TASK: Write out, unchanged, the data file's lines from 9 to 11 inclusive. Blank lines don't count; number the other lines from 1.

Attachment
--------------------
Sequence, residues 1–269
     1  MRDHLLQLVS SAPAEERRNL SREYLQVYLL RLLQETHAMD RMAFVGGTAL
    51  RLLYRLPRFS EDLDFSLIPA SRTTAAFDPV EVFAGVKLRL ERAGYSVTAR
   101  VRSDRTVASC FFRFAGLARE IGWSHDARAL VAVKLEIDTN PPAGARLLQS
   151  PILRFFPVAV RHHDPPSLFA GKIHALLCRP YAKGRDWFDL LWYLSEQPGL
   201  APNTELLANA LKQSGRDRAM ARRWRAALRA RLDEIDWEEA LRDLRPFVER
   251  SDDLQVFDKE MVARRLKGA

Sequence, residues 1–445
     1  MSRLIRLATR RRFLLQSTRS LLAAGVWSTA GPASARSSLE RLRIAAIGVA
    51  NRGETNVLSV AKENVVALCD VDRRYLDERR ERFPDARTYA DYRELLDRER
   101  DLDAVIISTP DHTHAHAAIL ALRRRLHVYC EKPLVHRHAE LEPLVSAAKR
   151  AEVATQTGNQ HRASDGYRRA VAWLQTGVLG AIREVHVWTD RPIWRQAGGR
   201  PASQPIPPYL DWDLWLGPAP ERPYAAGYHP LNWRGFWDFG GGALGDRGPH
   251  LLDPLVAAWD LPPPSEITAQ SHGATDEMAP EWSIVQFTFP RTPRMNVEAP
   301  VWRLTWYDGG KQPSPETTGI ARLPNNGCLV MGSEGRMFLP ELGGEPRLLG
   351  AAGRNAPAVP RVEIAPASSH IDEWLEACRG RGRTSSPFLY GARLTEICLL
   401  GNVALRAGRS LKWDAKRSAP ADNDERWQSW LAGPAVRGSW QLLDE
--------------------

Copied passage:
     1  MSRLIRLATR RRFLLQSTRS LLAAGVWSTA GPASARSSLE RLRIAAIGVA
    51  NRGETNVLSV AKENVVALCD VDRRYLDERR ERFPDARTYA DYRELLDRER
   101  DLDAVIISTP DHTHAHAAIL ALRRRLHVYC EKPLVHRHAE LEPLVSAAKR